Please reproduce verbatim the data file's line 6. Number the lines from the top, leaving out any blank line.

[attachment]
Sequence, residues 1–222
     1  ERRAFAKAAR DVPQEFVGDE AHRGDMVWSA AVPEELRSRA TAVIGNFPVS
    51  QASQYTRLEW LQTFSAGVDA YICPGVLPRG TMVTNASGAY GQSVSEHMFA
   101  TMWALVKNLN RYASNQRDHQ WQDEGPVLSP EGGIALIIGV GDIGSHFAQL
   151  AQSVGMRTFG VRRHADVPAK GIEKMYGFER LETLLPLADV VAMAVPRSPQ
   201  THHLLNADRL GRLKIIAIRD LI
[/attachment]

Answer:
   201  THHLLNADRL GRLKIIAIRD LI